Cx43 HC Blockade Reverses Metabolic and Electrical Changes in Mutant Lines

Cx43 HCs are present in nonjunctional membrane and play a role in transmembrane signaling that is dependent on their phosphorylation status.32,33 Conducting HCs allow ions, as well as metabolites, to transit, though gating mechanisms must exist to prevent the dissipation of transmembrane electrical gradients. We compared the cellular metabolite profiles of D60 hESC-atrial cells derived from MYL4+/+ or MYL4-/- lines and observed significant differences in the levels of multiple metabolites, including nicotinamide adenine dinucleotide (NAD) and nicotinamide adenine dinucleotide + hydrogen (Figure 4F; Figure VIIIA in the online-only Data Supplement). There was no difference in the level of nicotinamide riboside, the precursor of NAD in these cells, suggesting that the differences observed are not a consequence of precursor bioavailability. Quantitative NAD measurement revealed higher levels of NAD in rescued mutant atrial cells than in untreated mutant controls (Figure 4G). The specific Cx43 HC blocker Gap19, which does not exhibit gap junction blocking effects, restored intracellular NAD concentrations in mutant cells (Figure 4H).

Tight control of Cx43 HC permeability is necessary for normal electrophysiologic function.34 Current-clamp measurement of action potentials from hESC-atrial cells demonstrated significant changes in voltage amplitude and duration, both reversible with carbenoxolone treatment (Figure 4I). No changes were observed in maximum diastolic potential (Figure VIIIB in the online-only Data Supplement). We tested whether HC blockade was able to rescue whole-heart electrophysiological changes in Myl4 mutant fish. First, 3dpf zebrafish hearts were isolated and labeled with voltage sensitive dye (Fluovolt) for optical mapping (Figure 4J). MYL4-/- atria showed significantly prolonged action potential duration compared to WTs. By contrast, there was no difference observed in conduction velocity (Figure IXA in the online-only Data Supplement), which is in part determined by gap junction–dependent intercellular coupling. The effects of MYL4 mutation on action potential duration were reversible with 2 specific Cx43 HC blocking peptides, Gap19 and Gap26, which also did not affect conduction velocities (Figure IXA in the online-only Data Supplement).

Calcium handling abnormalities are among the earliest features of AF and have been associated with the AF-driven myocardial remodeling that sustains the arrhythmia.35 Isolated hearts were stained with the calcium dye Fura2, and atrial [Ca2+] transients were measured using high-speed ratiometric calcium imaging (Figure 4K). Calcium transient amplitude, but not transient duration was increased in Myl4-/- zebrafish hearts (Figure IXB in the online-only Data Supplement) and rescued by Cx43 HC blockade. The Gap26 peptide, which binds the extracellular domain of the Cx43 HC (in contrast to Gap19 which binds intracellularly), only partially rescued this component of the mutant phenotype. These data suggest the increased calcium transient amplitude associated with perpetuation of AF is also a core component of the primary substrate in at least some inherited forms of the arrhythmia.36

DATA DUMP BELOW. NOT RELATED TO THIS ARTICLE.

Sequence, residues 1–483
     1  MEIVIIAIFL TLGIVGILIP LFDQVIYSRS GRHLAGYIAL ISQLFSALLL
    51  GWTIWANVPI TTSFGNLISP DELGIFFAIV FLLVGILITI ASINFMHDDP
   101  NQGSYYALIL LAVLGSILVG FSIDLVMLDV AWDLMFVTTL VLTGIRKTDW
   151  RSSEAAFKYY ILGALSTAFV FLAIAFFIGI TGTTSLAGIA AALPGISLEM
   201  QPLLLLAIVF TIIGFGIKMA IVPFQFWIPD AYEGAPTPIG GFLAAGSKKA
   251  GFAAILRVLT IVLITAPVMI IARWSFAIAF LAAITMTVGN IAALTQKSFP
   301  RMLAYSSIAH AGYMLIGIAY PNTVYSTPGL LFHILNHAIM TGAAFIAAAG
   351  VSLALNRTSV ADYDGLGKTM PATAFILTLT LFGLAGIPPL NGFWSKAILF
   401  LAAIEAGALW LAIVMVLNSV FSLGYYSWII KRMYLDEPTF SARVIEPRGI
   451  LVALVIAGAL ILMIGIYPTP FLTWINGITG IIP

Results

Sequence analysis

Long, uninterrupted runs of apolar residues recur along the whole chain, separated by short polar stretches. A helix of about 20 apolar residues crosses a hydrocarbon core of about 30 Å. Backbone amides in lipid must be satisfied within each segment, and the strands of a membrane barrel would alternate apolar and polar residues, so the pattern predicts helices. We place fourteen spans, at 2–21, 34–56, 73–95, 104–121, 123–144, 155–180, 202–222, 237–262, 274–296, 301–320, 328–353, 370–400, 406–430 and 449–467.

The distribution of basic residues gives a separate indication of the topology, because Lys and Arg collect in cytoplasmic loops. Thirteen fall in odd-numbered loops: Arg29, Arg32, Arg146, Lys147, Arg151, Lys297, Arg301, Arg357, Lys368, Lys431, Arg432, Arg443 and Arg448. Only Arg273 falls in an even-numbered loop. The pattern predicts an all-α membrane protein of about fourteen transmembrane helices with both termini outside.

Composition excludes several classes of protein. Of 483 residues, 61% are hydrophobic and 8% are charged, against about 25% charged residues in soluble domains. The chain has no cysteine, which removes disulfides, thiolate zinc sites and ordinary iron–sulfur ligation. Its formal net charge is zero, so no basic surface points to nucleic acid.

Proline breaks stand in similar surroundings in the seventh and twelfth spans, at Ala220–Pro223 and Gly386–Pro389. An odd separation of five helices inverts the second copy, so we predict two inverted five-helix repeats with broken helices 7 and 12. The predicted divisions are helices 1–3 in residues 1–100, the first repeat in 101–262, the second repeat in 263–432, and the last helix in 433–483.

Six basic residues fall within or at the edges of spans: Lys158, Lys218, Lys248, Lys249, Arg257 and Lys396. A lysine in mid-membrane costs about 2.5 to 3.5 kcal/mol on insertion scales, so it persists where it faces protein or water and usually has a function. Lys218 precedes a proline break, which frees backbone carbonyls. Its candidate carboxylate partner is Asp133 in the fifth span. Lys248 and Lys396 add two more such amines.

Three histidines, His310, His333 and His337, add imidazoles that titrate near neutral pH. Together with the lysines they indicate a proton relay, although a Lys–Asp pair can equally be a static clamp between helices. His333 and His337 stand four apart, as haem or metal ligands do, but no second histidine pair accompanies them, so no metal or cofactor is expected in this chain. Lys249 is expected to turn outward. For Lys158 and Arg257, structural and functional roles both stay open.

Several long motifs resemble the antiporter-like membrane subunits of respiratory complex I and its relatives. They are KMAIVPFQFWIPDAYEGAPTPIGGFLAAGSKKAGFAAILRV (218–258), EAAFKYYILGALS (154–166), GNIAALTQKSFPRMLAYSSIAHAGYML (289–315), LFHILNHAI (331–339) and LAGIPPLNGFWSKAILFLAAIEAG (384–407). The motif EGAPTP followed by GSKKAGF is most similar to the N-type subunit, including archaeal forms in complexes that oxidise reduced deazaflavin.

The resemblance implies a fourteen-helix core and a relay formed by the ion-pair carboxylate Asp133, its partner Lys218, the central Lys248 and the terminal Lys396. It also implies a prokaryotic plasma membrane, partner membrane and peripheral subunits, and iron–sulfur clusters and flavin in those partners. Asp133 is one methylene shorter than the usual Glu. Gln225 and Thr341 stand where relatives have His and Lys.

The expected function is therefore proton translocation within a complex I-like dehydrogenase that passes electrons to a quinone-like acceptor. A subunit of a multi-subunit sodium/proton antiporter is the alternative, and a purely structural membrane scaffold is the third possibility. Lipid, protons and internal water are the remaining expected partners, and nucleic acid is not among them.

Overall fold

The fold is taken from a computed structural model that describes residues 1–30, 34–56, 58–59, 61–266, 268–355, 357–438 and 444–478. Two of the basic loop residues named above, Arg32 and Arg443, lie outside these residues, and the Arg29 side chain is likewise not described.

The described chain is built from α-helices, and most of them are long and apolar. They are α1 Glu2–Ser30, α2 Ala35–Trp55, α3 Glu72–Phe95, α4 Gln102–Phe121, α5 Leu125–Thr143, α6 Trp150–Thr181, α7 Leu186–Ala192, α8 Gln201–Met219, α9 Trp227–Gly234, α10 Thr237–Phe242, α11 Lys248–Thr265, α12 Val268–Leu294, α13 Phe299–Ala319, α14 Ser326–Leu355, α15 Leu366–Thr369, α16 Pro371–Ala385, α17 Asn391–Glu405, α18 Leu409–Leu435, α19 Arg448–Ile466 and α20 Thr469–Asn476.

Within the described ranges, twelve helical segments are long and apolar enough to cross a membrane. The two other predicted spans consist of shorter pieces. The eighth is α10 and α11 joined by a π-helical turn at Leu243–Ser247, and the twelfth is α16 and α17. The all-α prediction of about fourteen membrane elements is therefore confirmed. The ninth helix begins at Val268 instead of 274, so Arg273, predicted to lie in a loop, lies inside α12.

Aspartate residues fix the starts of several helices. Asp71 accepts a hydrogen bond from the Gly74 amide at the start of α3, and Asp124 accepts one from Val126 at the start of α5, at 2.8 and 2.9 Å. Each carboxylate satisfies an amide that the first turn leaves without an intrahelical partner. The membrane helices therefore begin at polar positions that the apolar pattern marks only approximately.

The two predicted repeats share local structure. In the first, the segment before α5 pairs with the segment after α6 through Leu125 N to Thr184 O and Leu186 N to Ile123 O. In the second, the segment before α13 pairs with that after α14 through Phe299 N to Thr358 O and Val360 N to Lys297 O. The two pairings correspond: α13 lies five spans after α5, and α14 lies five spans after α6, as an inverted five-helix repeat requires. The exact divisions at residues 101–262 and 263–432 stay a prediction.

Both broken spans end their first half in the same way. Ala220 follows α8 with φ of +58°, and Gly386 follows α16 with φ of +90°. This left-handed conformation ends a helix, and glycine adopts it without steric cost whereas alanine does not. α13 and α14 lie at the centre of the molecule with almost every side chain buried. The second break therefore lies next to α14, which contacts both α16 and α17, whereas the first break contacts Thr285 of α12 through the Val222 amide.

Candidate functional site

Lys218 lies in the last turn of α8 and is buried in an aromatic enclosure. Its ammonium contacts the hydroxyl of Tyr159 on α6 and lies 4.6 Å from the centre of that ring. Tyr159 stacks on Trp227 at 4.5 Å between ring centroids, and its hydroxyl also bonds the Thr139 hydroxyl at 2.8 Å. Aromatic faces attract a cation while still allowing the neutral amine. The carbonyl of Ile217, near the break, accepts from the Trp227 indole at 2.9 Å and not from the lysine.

PKC Mediates Cx43 Hemichannel Phosphorylation in MYL4 Mutants

Cx43 HC permeability is determined by phosphorylation state,33 and bulk RNA-seq revealed significant enrichment of the transcripts for multiple protein kinase genes in D60 hESC-atrial cells derived from mutants when compared with cells derived from WT controls (Figure 5A). The Cx43 in the membrane fraction of MYL4 mutant cells was hyperphosphorylated, compared with the cytoplasmic fraction (Figure 5B). Culturing cells on surfaces with higher surface tension to model the effects of chronic stretch or the combination of MYL4 mutation with the rs2200733 C-T PITX2 AF risk allele, each resulted in further increases in phosphorylated Cx43 in the membrane fraction (Figure 5C and D). Multiple phosphorylation sites in the C-terminal cytoplasmic domain of Cx43 regulate hemi-channel permeability, regulated by multiple kinases (Figure 5E).37–39 Previously, higher CAMKII (Ca2+/Calmodulin-dependent protein kinase II) activity has been demonstrated in atrial samples from chronic AF, but not from paroxysmal AF animal models.40 CAMKII inhibition in our models exaggerated the prolongation of the abnormal action potential duration in mutant cells, while both PKC and PKA (protein kinase A) inhibition partially normalized action potential duration (Figure 5F). While neither PKA nor CAMKII inhibition were able to significantly reduce calcium amplitude in mutants, PKC inhibition resulted in the reversal of calcium transient amplitude changes without affecting transient duration (Figure 5G; Figure IXC in the online-only Data Supplement). PKC inhibition also decreased Cx43 hyperphosphorylation and rescued intracellular NAD levels in mutant hESC-atrial cells (Figure 5H and 5I). In contrast, treating mutant hESC-atrial cells with RA accentuates Cx43 phosphorylation and PKC activity (Figure 5H and 5J). Taken together, these results suggest a role for PKC activity, in this form of AF, at least in part through Cx43 modulation.

Figure 5.